The nation’s patchwork of state data breach notification laws is now complete. All 50 states, as well as the District of Columbia, Puerto Rico, Guam, and the Virgin Islands, have enacted breach notification laws requiring private organizations or government entities to notify individuals of a security breach involving their personally identifiable information.
The last two states, Alabama and South Dakota, enacted data breach notification statutes in March. The Alabama Data Breach Notification Act goes into effect on May 1, 2018. The South Dakota law will take effect on July 1, 2018.
Additionally, many other states, in response to trends, heightened public awareness, and a string of large-scale data breaches, have continued amending their existing laws. This means data breach notification laws change frequently and keeping up with them can be a challenge.
The first state data breach notification law was enacted in 2002 in California. It soon became the model for other states’ breach notification laws. In addition, the U.S. Department of Health and Human Services Office of Civil Rights (OCR) adopted a similar structure for covered entities and business associates under the Health Insurance Portability and Accountability Act of 1996 (HIPAA).
Common provisions among the breach notification laws include:
- Notification to affected state residents without unreasonable delay;
- Notification to certain agencies including state attorneys general and/or consumer reporting agency under certain circumstances;
- Notification exceptions for good-faith access by an employee, encryption of the data, and determinations of low risk of harm;
- Specific requirements for the content of the notification; and
- Civil penalties enforced by the state’s attorney general.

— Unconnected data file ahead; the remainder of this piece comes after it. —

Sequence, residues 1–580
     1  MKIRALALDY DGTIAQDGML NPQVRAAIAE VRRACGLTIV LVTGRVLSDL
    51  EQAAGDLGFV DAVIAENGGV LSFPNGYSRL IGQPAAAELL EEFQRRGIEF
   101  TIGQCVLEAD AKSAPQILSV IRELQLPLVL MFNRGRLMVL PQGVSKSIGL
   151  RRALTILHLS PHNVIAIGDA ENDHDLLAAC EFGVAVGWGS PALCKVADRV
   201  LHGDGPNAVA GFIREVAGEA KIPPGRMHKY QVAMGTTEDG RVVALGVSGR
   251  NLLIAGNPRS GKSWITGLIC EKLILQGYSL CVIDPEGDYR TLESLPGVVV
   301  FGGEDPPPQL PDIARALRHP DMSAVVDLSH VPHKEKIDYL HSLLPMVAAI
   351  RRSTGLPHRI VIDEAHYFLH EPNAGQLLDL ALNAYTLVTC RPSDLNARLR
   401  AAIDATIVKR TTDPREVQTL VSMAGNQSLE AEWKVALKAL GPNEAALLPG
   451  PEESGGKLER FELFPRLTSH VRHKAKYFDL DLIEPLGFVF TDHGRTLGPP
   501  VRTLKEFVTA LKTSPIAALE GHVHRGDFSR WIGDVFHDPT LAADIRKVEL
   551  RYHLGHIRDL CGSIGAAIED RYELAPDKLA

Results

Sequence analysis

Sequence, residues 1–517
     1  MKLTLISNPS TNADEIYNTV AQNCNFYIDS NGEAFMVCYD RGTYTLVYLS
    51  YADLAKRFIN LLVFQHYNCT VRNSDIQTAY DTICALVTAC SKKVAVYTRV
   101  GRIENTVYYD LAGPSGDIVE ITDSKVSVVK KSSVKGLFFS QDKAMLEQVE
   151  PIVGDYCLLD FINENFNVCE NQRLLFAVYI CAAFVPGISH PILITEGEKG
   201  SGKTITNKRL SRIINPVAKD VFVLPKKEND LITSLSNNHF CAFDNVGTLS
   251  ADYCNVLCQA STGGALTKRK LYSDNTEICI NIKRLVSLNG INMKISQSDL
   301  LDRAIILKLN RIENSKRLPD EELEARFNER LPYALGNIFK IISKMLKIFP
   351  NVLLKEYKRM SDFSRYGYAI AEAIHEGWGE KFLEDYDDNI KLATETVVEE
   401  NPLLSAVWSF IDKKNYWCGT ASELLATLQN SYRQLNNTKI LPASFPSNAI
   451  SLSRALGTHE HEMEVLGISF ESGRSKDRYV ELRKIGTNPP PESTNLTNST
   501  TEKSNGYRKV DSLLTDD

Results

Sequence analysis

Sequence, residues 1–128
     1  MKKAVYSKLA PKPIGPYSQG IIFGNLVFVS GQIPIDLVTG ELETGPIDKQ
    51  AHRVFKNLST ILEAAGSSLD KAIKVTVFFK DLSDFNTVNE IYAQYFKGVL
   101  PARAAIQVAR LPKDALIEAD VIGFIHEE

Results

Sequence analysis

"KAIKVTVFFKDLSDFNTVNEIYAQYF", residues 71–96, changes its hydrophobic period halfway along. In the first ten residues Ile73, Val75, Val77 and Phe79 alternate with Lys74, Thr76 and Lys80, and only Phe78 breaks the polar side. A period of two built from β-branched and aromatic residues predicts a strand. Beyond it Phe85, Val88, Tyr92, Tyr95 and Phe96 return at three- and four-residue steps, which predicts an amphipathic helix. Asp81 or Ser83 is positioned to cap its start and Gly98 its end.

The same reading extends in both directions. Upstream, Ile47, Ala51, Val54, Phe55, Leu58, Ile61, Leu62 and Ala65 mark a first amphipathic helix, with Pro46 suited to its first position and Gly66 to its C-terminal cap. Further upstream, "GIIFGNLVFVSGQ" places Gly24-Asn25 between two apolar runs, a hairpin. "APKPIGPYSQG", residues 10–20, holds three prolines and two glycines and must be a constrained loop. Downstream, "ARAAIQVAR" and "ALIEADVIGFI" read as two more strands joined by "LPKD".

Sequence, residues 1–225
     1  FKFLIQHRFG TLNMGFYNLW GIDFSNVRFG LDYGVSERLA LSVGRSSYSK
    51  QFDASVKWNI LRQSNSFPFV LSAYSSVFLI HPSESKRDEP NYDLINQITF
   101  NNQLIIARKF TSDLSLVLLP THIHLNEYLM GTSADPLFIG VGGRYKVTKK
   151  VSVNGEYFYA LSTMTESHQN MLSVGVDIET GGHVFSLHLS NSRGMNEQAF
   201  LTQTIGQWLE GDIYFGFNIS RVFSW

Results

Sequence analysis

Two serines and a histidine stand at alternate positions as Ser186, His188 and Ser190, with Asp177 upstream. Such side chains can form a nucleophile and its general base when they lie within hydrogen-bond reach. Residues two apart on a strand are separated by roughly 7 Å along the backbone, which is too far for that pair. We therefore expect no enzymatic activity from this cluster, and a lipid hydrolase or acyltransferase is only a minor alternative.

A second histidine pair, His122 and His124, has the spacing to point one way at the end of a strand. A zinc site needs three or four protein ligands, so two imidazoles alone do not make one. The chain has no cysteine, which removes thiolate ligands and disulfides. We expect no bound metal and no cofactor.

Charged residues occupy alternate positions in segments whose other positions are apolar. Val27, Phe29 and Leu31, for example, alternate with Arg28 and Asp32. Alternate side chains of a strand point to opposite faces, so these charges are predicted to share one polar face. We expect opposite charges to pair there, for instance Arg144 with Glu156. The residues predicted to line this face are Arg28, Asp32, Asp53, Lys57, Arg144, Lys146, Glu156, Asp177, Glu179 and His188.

Despite these common threads, abundant variations exist among state law provisions. For example, in some states, notification to state agencies is required only when a certain number of residents of the state are affected by the breach. In other states, notification to state agencies is required regardless of the number of affected residents.
While all states require notification “without unreasonable delay,” some states provide a specific timeframe by which notification must be made to affected individuals following discovery of the breach (e.g., within 30, 45, or 60 days).
Further, in some states, only the state’s attorney general may institute an action for a violation of the state’s law, while other states permit a private cause of action by an affected individual.
Businesses operating in multiple states must be alert to the requirements in the various jurisdictions and the growing trends in recent amendments.
This chart provides a brief summary of some of the key features of state breach notification laws and the states with those features.
|Expanded definition of personal information||Alabama, Alaska, California, Connecticut, Delaware, Florida, Georgia, Illinois, Iowa, Kansas, Maine, Maryland, Massachusetts, Missouri, Montana, Nebraska, Nevada, New Hampshire, New Jersey, New Mexico, New York, North Carolina, North Dakota, Ohio, Oregon, Rhode Island, South Carolina, South Dakota, Texas, Vermont, Virginia, Wisconsin, Wyoming, District of Columbia, and Puerto Rico.|
|Content requirements for notifications||Alabama, California, Florida, Hawaii, Illinois, Iowa, Maryland, Massachusetts, Michigan, Missouri, Montana, New Hampshire, New Mexico, New York, North Carolina, Oregon, Rhode Island, South Carolina, Vermont, Virginia, Washington, West Virginia, Wyoming, and Puerto Rico.|
|Notification to state agency required (requirements in some states may depend on minimum number of residents affected by the breach)||Alabama, Alaska, California, Connecticut, Delaware, Florida, Hawaii, Idaho, Illinois, Indiana, Iowa, Louisiana, Maine, Maryland, Massachusetts, Missouri, Montana, Nebraska, New Hampshire, New Jersey, New Mexico, New York, North Carolina, North Dakota, Ohio, Oregon, Rhode Island, South Carolina, South Dakota, Texas, Vermont, Virginia, Washington, Wisconsin, and Puerto Rico.|
|Credit monitoring required||California, Connecticut, and Delaware.|
|Risk of harm||Alabama, Alaska, Arizona, Arkansas, Colorado, Connecticut, Delaware, Florida, Hawaii, Idaho, Indiana, Iowa, Kansas, Kentucky, Louisiana, Maine, Maryland, Massachusetts, Michigan, Mississippi, Missouri, Montana, Nebraska, Nevada, New Hampshire, New Jersey, New Mexico, New York, North Carolina, Ohio, Oklahoma, Oregon, Pennsylvania, South Carolina, South Dakota, Tennessee, Utah, Vermont, Virginia, Washington, West Virginia, Wisconsin, and Wyoming.|